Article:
These are my attempts at positive thinking.

They're feeble - I'm aware of that.

But, frankly, I am very low on hope. The more that goes wrong, the more I fear and despair.

Maybe I shouldn't be so candid about these things. But "Tuesdays with Maury" was a best seller. I think people are actually very interested in people's perspective's when they're sick or dying. Whether it's healthy or not, I think people kind of want a mental crash course for when or if it ever happens to them.

And, after all, I didn't think it would happen to me. Odds are very good such a thing will never happen to you.

Please count your blessings every day. No matter how small.

Things I took for granted all of my life - like a good night's sleep - would be so precious to me now.

Embrace your children. Some don't have the luxury of having them.

Clean your home. Some people can't.

Love your body, no matter its imperfections. You may have to lose 30 pounds. Who fucking cares? If you can walk and sleep and breathe and see... you have no idea how lucky you are.

I never thought my "happy thoughts" would be along the lines of "I may go blind. Helen Keller was blind. Erin, you may have to learn to navigate the world with no eyes. If you do that, you'll be one of the strongest people you know."

I've always said I'd rather be weak with an easy life than strong with a difficult one. Life thought otherwise.

Pray for me. Pray for you. And for each other.

Things have gotten so contentious lately. People hating each other over the growing political chasm. Realize your hate is a luxury. That you can focus on and have the feels about the shit spew a politician oozes... this is a luxury. If you thought you were losing your eyes... suddenly there are bigger things than small people with small ideas.

I'm rambling. I've likely lost you by this point.

I don't want to fade.

I don't want to die.

If I go, will you remember me?

Is my struggle worth something? Or is it for naught?

I just wanted a home and a family with my husband.

I don't want to fade.

I don't want to die.

If I go, will you remember me?

Wednesday, November 2, 2016

Desperately seeking something

I can tell you about the pain

the torment

the fear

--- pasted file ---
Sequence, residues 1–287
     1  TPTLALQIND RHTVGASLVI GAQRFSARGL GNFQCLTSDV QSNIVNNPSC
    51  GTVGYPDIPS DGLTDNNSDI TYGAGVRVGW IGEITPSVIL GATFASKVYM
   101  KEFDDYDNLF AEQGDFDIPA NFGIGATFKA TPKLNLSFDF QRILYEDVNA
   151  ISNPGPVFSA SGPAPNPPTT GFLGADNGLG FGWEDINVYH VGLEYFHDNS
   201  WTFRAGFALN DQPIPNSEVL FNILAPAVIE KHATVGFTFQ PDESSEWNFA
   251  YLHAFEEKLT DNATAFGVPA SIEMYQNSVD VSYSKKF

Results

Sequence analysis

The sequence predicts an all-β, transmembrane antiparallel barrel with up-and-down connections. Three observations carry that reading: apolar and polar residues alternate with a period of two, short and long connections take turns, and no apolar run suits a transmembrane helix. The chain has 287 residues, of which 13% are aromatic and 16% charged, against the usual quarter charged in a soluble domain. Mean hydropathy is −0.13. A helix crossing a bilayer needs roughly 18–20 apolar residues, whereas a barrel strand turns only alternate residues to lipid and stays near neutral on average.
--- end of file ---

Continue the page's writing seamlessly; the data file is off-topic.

but is that all I have to say?

Where once my mind was free to ponder the intricacies of the universe and the human condition - at least as I understood (or tried to understand) - them

it's now consumed with fear

of what horrors await me

and regret -

most potent -

of what I would do differently

of the signs I missed or ignored.

Occasionally I allow a dalliance into the life I'd have

if I hadn't taken the pills

or if I'd stopped at two

when the side effects started.

The memories are so vivid,

I feel I could reach out and touch them

which makes me think I can change them

because they're still within reach.

Aren't they?

But then, I always feel this way

with every tragedy of my life.

For years Madison seemed to be just beyond the veil

a mere inches from my fingertips

just past the curtain on the plinth.

I know I want to say something

that will stand the test of time

and tell my story when I am gone.

I want something to stand here in my stead

when I can no longer stand

or speak

or think.

I want immortality in that way.

I want to matter.

I thought, when I took those pills, that I had more time

to make myself matter.

But Madison already taught me better.


We lost Andrew too early.


Yes, I cannot say I was not presented with the lesson

the question

of legacy.

And what will mine be?

A tragedy?

One defined by its ending?

By its sharp curve in the road?

By what should have been?


I see them sometimes - the children I might have had


I have to stop there.

Even I have things I cannot share.

I can tell you about the pain

the torment

the fear

but is that all I have to say?